We are now told the Russian elite assassinated Stalin so he wouldn’t start a nuclear war with the USA. Lieutenant colonel Stanislav Petrov made a very difficult decision in order to prevent a very dangerous escalation.
We live today because these Russians made the right thing at the right moment, so maybe they are not so terrible after all but simply good people?
Carey Sublette | July 15, 2008
Jeffrey, the crux of your essay is the fundamental unreality of the theories upon which main-stream strategic thinking is based.
I agree, but think your essay does not go far enough in exposing this.
The essay raises the question of whether a minimum deterrence force would be “aimed at military targets and the enemy’s weapons … or would they be be pointed toward population centers – a countervalue strategy? “, and cites legal opinions holding that countervalue targeting is not lawful.
I argue that this is a hypothetical dilemma of no relevance to deterrence in the real world.
Certainly there is a crucial legal distinction between legitimate military operations that produce civilian casualties and destruction as a side-effect, and illegitmate ones that cause civilian casualties and destruction as the intended primary result.
And in any given nation there are some important military targets that are fortuitously removed from civilian areas so that nuclear attack can be contemplated without subjecting a large civilian population to harm.
But I use the term ‘fortuitously’ advisedly – there are few such targets. Most significant military targets lie close to urban areas because of their dependence on the infrastructure of a civilian economy (or are an integral part of that economy). Even strategic military targets that are deliberately located at great distances from urban areas typically expose downwind cities to deadly fallout hazards due to their hardening, and thus the necessity of high-yield low altitude bursts to destroy them with high degrees of confidence.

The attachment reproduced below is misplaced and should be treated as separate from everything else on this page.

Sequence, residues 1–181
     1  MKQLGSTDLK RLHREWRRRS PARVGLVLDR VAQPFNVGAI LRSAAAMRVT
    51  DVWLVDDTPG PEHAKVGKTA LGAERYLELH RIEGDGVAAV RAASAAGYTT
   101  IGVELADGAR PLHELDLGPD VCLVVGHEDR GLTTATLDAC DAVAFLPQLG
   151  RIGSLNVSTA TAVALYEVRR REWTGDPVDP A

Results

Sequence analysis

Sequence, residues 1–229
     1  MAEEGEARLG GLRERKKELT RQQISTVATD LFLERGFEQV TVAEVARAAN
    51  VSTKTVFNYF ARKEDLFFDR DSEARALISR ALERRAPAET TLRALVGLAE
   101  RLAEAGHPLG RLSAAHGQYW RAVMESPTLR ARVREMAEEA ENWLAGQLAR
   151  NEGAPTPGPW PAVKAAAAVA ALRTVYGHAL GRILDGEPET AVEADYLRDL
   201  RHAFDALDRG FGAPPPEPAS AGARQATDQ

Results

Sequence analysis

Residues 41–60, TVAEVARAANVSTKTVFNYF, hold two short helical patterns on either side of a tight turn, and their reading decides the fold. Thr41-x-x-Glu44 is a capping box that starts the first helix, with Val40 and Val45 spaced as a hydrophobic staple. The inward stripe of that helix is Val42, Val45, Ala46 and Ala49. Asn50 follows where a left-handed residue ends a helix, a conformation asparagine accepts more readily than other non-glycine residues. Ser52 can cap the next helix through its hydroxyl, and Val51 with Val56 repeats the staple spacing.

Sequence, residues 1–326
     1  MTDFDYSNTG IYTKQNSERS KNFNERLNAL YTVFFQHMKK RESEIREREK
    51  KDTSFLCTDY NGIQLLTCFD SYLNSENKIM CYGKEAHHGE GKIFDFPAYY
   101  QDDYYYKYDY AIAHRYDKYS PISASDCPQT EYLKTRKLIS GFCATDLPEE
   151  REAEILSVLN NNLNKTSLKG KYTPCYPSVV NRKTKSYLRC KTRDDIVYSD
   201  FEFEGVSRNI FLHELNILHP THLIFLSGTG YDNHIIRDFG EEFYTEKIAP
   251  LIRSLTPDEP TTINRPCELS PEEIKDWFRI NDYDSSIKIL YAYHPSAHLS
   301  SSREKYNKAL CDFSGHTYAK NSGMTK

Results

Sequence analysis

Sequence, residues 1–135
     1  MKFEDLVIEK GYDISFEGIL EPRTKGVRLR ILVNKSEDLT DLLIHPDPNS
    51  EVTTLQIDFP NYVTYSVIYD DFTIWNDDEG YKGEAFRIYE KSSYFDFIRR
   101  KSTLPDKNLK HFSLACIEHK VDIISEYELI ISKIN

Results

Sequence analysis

In reality, any substantial nuclear strike against an array of military targets sufficient to cripple a nation’s ability to fight a war (surely the objective of such a strike) would inflict such collateral damage that few nations have ever experienced in any war.
One does not have to engage in illegal city-busting targeting to achieve deterrence with a “small” arsenal of a few hundred warheads. Any prospective strike against important military targets numbering in the hundreds, or truly critical ones numbering in the dozens, will result in such destruction that deterrence will be achieved, if it can be achieved at all.
Personally, I am ambivalent bout the term “minimum deterrence” partly because of the semantic games it entices opponents into playing. E.g. if one has a “minimum deterrent”, then if an opponent attacks first and destroys part of it, whatever is left must be “less than the minimum”, etc. The term I have used myself is “simple deterrence”, emphasizing the rejection of notions of “war fighting” that drive warhead counts to arbitrary high levels.
bobbymike | July 16, 2008
Minimum deterrence is having enough weapons to deter any possible agressor. As important is to also have a responsive infrastructure to prevent strategic surprise. Platforms should be large and numerous able to be uploaded with 10+ warheads. Another key is to have the most modern force. The US need to rebuild its strategic nuclear strike force.